I have advised the people to vote for the best man, irrespective of party. The Democrats have nominated Walter H. Levy for District Attorney, Abraham Newman, President of the Congregation Ohabai Shalome, for Supervisor, and two promising young lawyers, Isidore Danielades, and Hyman P. Bush, for school Directors.

    The Republicans could afford to place but one Jew on the ticket, Mr. David Stern, for school director, and they could well afford it, as the office pays no salary. I hope we will select the best men from all tickets.

High Holy Days in San Francisco in 1858

The B’nai B’rith Messenger, November 4, 1858.

    During the late Holy-days the Synagogues of San Francisco were well attended, and all the religious ceremonies well observed.

    At the Broadway Synagogue, there was an organ and a choir, composed of ladies and gentlemen, (the organist being a Christian, and some of the Piyutum were omitted, to give opportunities for their performances.

    At the German Synagogue, on the first day of Rosh Hashanah a sort discourse was delivered in English, which was pretty well done for one unacquainted with the language.

    The Congregation Shearith Israel, of which Rev. Mr. Henry is the Pastor, offered up prayers according to the Orthodox custom, sermons being delivered by the minister to a large auditory.

    In consequence of the strong desire for religious service, two additional halls were fitted up as temporary Synagogues in San Francisco, and were well attended.

Cars are News in 1909

The B’nai B’rith Messenger, April 16, 1909, Page 4.

    Mr. Nathan Jacoby and party spent Sunday at Arrowhead Springs, making the journey in their automobile.

    Automobiles are a service of great joy to their owners and the fact that so many are being purchased by the Jewish community is noteworthy. Mr. Sam Newmark has a new Locomobile, Messrs. Morris Cohn and Lemuel Goldwater are awaiting their new motors. Mr. Jacob Loew has a Packard car, and there are many more on the way.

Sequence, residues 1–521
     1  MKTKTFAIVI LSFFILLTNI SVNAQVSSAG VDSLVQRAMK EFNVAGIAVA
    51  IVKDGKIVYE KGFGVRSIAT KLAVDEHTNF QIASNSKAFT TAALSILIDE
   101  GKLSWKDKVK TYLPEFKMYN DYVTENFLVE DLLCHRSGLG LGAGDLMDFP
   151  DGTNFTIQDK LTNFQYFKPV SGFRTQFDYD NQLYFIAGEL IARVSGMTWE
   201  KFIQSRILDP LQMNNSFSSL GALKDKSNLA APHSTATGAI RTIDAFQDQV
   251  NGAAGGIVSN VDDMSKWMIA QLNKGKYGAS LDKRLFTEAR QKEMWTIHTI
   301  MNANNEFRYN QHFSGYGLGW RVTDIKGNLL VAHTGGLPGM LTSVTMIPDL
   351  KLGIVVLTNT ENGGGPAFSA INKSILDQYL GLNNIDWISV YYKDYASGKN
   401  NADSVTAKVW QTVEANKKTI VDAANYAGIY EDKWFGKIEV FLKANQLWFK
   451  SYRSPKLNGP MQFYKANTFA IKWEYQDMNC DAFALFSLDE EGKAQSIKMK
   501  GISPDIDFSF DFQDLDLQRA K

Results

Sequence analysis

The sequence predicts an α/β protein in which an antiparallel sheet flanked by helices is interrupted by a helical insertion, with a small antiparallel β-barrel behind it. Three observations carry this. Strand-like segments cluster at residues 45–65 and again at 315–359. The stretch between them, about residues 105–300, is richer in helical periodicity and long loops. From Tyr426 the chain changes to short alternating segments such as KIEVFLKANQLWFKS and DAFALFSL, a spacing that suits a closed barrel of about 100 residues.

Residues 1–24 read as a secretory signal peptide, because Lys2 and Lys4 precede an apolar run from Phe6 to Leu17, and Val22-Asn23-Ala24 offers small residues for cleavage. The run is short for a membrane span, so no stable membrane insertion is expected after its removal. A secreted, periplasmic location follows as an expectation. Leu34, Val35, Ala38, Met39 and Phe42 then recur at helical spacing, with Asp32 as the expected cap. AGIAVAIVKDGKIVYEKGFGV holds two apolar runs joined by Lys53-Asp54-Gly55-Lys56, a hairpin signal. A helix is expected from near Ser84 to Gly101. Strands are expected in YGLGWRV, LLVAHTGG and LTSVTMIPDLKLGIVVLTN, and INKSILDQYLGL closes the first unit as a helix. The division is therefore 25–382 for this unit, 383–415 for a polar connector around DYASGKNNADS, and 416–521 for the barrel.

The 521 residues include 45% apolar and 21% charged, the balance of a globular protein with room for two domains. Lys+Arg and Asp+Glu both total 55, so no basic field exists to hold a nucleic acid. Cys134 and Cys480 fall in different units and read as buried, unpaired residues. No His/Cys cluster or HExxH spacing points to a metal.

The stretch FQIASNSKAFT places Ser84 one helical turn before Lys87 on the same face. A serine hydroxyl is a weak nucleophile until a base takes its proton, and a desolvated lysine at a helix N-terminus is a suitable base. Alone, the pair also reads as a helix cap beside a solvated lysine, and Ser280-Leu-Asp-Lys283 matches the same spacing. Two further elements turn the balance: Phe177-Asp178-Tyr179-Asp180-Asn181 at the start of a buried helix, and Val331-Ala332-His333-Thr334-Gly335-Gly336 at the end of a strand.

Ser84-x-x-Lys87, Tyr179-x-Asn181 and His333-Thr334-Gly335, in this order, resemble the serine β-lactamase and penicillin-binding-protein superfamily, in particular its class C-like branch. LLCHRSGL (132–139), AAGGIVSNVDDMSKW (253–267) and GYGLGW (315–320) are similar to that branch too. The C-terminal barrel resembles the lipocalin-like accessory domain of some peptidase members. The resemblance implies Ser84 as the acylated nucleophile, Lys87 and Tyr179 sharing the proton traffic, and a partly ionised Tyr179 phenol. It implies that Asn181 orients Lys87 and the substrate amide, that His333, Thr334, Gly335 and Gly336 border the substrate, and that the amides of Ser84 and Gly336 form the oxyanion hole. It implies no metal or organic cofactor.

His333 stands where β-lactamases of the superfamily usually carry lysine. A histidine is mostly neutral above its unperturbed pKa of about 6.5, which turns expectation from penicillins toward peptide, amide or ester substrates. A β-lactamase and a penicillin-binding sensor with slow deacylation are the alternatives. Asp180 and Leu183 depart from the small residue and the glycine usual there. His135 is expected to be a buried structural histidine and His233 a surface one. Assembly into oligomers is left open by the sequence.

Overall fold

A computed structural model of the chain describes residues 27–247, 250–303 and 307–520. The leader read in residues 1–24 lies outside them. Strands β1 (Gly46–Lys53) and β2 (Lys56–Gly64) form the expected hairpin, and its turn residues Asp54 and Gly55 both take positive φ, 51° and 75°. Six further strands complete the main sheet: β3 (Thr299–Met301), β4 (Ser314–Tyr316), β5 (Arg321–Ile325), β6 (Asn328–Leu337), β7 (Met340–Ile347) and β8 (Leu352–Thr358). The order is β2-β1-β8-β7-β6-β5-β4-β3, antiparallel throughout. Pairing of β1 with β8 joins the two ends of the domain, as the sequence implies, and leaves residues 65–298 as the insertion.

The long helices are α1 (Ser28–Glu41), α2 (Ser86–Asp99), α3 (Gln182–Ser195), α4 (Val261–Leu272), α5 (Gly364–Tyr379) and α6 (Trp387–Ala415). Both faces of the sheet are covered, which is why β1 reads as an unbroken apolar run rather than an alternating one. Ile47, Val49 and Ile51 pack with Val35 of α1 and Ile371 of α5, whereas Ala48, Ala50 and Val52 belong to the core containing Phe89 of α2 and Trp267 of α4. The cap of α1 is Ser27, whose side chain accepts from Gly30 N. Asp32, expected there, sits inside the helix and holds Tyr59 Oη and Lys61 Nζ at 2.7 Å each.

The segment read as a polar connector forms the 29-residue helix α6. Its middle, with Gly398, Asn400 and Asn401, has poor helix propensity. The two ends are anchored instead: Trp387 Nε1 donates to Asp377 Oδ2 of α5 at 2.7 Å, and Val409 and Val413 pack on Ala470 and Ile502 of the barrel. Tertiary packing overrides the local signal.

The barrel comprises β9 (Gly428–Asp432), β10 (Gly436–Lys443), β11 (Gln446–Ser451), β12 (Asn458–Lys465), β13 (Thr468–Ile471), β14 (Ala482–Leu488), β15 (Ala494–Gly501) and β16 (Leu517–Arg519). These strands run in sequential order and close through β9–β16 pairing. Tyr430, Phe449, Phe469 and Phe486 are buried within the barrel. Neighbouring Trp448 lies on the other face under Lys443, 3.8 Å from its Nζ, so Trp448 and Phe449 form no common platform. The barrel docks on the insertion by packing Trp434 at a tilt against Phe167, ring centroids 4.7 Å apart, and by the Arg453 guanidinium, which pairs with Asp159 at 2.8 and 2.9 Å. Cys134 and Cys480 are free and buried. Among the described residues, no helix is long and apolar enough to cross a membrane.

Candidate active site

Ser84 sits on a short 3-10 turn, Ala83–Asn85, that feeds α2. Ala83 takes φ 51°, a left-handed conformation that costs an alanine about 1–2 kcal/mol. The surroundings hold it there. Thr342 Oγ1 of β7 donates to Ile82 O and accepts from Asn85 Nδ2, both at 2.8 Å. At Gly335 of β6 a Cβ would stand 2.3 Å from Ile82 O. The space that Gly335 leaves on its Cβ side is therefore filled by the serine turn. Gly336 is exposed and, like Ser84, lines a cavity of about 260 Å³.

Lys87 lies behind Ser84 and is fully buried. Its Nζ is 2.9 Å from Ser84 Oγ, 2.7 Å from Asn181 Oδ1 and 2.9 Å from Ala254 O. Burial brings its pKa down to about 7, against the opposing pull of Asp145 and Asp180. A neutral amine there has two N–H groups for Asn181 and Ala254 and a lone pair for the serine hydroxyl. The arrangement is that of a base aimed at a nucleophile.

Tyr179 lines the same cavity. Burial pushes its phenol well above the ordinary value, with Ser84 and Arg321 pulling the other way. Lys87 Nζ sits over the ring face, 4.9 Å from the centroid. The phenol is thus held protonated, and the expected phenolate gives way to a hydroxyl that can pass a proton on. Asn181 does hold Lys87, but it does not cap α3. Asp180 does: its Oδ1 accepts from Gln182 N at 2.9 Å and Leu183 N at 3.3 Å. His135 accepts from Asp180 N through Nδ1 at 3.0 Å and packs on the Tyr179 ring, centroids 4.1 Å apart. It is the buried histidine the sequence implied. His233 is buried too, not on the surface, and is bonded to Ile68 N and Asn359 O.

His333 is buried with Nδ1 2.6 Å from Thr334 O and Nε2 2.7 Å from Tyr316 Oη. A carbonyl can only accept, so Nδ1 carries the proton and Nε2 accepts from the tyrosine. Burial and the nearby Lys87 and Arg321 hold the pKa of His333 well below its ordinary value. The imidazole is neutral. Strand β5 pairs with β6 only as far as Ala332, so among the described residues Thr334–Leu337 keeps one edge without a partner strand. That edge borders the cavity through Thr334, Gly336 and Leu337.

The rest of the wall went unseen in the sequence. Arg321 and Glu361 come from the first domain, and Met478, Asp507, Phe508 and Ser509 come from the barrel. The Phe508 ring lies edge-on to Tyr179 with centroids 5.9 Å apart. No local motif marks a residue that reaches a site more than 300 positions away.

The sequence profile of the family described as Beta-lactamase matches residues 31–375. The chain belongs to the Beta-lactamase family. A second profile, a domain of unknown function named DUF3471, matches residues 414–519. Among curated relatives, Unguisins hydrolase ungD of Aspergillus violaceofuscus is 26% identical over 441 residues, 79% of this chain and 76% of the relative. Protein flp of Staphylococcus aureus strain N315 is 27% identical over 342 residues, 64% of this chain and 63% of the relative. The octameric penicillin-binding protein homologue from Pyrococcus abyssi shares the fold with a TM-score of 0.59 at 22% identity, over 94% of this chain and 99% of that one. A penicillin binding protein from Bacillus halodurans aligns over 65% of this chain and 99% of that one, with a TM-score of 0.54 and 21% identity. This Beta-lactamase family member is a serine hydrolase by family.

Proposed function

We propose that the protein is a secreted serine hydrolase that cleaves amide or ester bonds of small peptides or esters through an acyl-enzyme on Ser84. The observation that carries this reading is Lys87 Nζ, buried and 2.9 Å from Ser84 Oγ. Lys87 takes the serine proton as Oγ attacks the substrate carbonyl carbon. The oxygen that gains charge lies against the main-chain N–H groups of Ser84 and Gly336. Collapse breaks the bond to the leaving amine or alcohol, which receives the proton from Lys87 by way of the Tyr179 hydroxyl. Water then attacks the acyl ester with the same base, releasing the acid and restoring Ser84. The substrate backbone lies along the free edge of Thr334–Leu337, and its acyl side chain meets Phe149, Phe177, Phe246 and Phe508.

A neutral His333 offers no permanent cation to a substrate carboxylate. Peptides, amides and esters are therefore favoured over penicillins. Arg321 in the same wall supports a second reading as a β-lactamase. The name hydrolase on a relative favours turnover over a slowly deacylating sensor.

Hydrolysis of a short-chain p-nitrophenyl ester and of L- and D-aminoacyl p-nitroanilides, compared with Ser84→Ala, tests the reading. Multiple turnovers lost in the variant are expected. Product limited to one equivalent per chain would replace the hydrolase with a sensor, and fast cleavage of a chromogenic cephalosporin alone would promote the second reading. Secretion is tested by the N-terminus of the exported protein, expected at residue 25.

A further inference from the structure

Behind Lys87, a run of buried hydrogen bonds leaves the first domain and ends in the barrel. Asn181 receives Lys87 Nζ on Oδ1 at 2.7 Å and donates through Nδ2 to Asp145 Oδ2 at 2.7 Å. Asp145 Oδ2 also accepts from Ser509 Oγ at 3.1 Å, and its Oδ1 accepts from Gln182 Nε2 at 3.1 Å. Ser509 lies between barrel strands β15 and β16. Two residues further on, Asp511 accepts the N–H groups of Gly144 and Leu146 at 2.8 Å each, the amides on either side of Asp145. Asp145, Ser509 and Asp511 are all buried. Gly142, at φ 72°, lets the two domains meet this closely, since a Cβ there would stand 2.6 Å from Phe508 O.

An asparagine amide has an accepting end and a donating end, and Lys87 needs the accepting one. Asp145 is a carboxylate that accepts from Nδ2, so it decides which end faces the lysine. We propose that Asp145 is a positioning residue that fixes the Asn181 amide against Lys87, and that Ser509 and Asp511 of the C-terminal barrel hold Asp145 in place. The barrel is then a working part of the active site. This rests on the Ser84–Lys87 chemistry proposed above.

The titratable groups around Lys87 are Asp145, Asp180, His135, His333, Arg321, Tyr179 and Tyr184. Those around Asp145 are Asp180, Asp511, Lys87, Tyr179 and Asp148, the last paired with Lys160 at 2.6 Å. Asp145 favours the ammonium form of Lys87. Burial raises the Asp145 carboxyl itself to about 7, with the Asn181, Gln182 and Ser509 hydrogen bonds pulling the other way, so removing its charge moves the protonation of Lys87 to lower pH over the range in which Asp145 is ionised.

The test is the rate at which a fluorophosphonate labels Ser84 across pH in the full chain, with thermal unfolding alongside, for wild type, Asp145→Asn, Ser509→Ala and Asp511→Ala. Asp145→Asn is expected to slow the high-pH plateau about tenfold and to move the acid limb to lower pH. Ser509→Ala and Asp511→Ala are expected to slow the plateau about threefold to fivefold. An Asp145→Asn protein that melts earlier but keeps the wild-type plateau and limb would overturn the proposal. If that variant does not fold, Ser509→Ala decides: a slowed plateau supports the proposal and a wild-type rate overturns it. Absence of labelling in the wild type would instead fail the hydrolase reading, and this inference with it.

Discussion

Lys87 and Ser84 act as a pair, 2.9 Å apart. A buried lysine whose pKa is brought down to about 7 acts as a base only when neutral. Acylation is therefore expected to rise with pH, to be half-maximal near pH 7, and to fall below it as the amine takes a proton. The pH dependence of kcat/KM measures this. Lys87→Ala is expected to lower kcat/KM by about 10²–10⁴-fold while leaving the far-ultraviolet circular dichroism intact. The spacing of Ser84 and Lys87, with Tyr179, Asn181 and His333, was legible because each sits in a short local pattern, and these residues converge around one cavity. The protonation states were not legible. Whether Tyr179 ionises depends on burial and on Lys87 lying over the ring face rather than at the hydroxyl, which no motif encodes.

This Had to be a Purim Joke—I Hope

The American Israelite, July 20, 1877, Page 8.

    A Masonic Lodge in Indiana was presided over by a Master who had an exaggerated notion of discipline. One night he met his lodge in called meeting (not a member absent)) to instruct them in the work. Teaching them the use of the gavel he had just called them up with three knocks, when he leaned too far back, fell through to the ground, four stories, and broke his neck.

    Picked up next morning he was buried decently, but not a Mason came to the funeral. More strange still, not a Mason appeared any more in that village. It was inexplicable.

    Forty women left widows, 220 children left orphans, 84 merchants left in the lurch with unpaid bills. Twenty years after that somebody went up to the fourth story, broke open the door and beheld the Lodge—a lodge of skeletons! Strange but true, they had strictly obeyed the orders of the Worshipful Master, and waiting for the knock to seat them, starved to death.

    Each was standing in an attitude of respectable attention, "looking to the East," and had not pitying citizens taken them down they might have been standing there still. Such is life.

A New Enterprise:
Wool-Cleaning Enterprise of Large Magnitude

L.A.Daily Journal—February 29, 1896

    It is announced on authority that the Pacific Wool Company will be the name given to an enterprise that is intended to wash and scour the wool product of Southern California.

    Such well-known persons as the members of the Kaspar Cohn & Company, are interested in the matter. M.J. Newmark said this morning, ‘We intend to make these scouring and washing works the best in the State. In fact there is only one other in the State and that is in San Francisco.

    The works will be located near Naud’s warehouse and will be fitted with the latest and most approved machinery, and the industry will give work to between 60 and 70 people. The Itiadon Iron Works have been given the order for the boiler and engine, and the scouring machinery will be the best and most scientific made. The capacity of the works will be about 4,000,000 lbs a year. Oil will be used as a fuel in running the machinery.

    These works will be of inestimable advantage to the sheep and wool industry in this part of the country, and the wool being scientifically cleansed will be more eagerly sought for in the markets of the East. The wool will go to make up clothes, blankets, etc. We have been contemplating this thing for some time and have at last got it into shape.